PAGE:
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    Syracuse keeps on winning despite troubles

    Jim Boeheim’s Syracuse team survived a close game on Thursday.
    Jim Rogash/Getty Images
    Jim Boeheim’s Syracuse team survived a close game on Thursday.

    For two months, they had family feuds. They scuffled with each other and bloodied each other’s noses. Then they would pick themselves up.

    And then for one week in early March they do it again in New York in a rite of spring known as the Big East tournament.

    A year ago, Connecticut put together an incredible five wins in five days to win the tournament. The Huskies used it as a springboard to win the national championship in a season in which 11 Big East teams earned NCAA bids.


    This year, nine Big East teams were invited to the Big Dance.

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    Last night at TD Garden, Syracuse - written off by many as the most likely No. 1 seed to be knocked out of the Sweet 16, and a team plagued by a series of incidents that would make most coaches retreat - followed the mantra that all Big East teams use this time of year: survive and advance.

    In a stomach-churning, hold-your-breath battle, coach Jim Boeheim’s team survived to advance to Saturday’s regional final with a 64-63 win over Wisconsin.

    Couple that effort - which was Boeheim’s first win over a Big Ten team in the NCAA Tournament in seven tries - with Louisville’s win over No. 1-seeded Michigan State in the West Regional in Phoenix and you have some of the reasons why not only Boeheim, but embattled Big East commissioner John Marinatto, were smiling Thursday night.

    And despite Ohio State’s win over Cincinnati and Marquette’s loss to Florida, the Big East still could have a big presence in New Orleans.


    “March is Christmas time for us,’’ said Marinatto, who has been consumed for the past nine months with defections and expansion plans that have changed the configuration of the Big East to where it is hardly recognizable - either geographically or numerically.

    Ironically, Syracuse, which will move to the Atlantic Coast Conference (probably in 2013 with Pittsburgh), could give the Big East a national championship as a going-away present.

    Marinatto is quick to point out that 15 Big East teams have been to 46 Final Fours and that, when the new configuration of 18 teams kicks in, that total will increase to 50.

    But what the Big East also has are coaches who have established credentials that are etched in granite.

    UConn’s Jim Calhoun won his third national championship last year.


    Thursday night’s win was Boeheim’s 890th in a Syracuse career that stretches 36 seasons. His numbers are mind-boggling.

    A new coach starting next season would have to average almost 25 wins per season for 36 years to match Boeheim’s numbers since 1976.

    Only Mike Krzyzewski (927) and Bobby Knight (902) have more career victories than Boeheim, who also has a staggering 34 20-win seasons, the most of any coach in Division 1.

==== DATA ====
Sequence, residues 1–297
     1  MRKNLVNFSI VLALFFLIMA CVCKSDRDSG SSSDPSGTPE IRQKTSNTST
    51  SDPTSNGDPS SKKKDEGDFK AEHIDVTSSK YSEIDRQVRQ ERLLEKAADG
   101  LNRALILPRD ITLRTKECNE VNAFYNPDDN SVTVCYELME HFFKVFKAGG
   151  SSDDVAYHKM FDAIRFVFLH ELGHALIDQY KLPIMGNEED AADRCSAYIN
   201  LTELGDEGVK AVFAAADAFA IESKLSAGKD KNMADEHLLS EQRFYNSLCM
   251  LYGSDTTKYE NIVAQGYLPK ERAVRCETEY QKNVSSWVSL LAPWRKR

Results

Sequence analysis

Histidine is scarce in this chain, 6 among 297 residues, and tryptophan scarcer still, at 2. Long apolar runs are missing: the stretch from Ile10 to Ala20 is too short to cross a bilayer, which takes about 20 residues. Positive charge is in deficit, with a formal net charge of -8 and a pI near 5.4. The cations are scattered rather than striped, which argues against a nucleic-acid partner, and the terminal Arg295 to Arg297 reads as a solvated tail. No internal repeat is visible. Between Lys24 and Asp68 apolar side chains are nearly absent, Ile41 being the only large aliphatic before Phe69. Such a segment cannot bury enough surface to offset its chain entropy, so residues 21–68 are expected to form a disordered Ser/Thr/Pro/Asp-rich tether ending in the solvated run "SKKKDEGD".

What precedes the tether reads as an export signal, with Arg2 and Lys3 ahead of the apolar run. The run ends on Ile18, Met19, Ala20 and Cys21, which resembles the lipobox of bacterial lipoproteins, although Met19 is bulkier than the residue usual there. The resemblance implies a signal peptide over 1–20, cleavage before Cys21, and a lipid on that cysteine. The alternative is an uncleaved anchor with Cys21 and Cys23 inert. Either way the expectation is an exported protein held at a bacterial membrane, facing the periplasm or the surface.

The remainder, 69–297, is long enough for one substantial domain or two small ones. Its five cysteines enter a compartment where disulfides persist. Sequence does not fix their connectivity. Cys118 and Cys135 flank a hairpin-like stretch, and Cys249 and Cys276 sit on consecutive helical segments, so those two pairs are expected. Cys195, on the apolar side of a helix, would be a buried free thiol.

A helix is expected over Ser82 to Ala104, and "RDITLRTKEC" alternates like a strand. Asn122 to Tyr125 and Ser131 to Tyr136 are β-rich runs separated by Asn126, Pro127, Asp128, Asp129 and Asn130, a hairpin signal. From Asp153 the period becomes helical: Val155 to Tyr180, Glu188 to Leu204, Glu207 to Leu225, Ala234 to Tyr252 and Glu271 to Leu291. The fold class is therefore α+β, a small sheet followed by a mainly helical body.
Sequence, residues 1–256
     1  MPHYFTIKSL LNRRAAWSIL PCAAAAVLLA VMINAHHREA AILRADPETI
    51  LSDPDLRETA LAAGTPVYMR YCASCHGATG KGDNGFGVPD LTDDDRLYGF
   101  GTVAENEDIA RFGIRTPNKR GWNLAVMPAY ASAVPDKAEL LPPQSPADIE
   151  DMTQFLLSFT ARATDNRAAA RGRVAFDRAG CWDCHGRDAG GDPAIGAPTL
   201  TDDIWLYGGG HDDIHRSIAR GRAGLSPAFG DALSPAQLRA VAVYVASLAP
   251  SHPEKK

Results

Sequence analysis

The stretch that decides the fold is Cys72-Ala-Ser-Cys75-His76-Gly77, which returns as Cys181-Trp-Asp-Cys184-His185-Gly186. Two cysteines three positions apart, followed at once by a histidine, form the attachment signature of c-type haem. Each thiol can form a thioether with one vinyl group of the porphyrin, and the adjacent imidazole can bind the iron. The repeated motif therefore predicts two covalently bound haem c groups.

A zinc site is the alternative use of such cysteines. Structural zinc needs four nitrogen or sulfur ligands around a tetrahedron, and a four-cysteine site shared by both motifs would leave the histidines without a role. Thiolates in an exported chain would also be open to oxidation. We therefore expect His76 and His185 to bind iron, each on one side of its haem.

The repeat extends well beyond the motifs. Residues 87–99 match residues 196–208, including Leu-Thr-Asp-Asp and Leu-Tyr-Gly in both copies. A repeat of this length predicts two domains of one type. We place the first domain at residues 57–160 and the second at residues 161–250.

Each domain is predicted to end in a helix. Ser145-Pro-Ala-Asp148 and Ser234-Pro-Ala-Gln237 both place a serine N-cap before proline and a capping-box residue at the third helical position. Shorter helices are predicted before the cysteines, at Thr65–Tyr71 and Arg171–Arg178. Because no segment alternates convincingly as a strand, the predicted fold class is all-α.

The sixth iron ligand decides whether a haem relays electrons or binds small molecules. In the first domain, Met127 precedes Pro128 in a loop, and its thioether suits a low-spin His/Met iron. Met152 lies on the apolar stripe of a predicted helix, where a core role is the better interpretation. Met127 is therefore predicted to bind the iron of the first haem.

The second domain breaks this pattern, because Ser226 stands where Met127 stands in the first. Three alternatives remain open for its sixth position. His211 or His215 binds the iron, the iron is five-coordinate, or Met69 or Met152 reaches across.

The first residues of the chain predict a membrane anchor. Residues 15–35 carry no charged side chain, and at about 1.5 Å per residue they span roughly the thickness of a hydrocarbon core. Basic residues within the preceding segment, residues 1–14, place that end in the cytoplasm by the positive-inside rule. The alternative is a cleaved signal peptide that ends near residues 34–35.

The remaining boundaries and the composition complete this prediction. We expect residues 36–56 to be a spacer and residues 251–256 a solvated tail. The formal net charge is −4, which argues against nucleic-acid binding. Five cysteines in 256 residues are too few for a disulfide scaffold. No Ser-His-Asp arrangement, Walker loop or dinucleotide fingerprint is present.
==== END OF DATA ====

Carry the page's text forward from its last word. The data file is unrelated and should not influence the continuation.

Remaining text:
“You can take three guys - Jimmy, Jim Calhoun, and Mike Krzyzewski - and probably Tom Izzo at Michigan State - and put them in a category that stands by itself,’’ said former Big East commissioner Mike Tranghese, who has known Boeheim for 37 years. “With all the changes, with all the pressures, you won’t find anything like the longevity and success at one school again. You won’t see their kind again. It’s just amazing.’’

    What is amazing this season is the way Boeheim has stayed focused through a series of incidents, the latest being the suspension of 7-foot sophomore center Fab Melo just before the NCAA Tournament. Melo is a missing ingredient from a team with a glittering 34-2 record.

    Boeheim’s attitude was simply that he would coach - and likely win with - the players he had.

    That is what happened against a Wisconsin team that simply would not disappear into the warm spring night despite Syracuse’s many attempts to put them away.

    After the game, Boeheim offered relief for his Orange and praise for the Badgers.

    “This is one of the best games I’ve been involved with in a long time,’’ said Boeheim. “I think the best game anybody has ever played against us and didn’t beat us.’’

    Boeheim, who won his only national championship in 2003 and has been to three Final Fours, conceded that this season, especially the past few weeks, has been far from a day at the golf course - which is where Boeheim can be found when he is not focusing on basketball.

    “They’re never easy,’’ he said. “They’re hard. It’s part of it. We’ve had some tough games this year. We haven’t had a game like this where we played this well.’’

    Syracuse will have to play as well Saturday to advance to the Final Four in New Orleans.

    Perhaps it will have to play better.

    And even if the Orange do all the things Boeheim wants, if they survive and advance, they might find another Big East playmate waiting for them.

    As Marinatto said, March is Christmas time for the Big East.

    But then again, April might be part of the holiday season as well.

    Mark Blaudschun can be reached at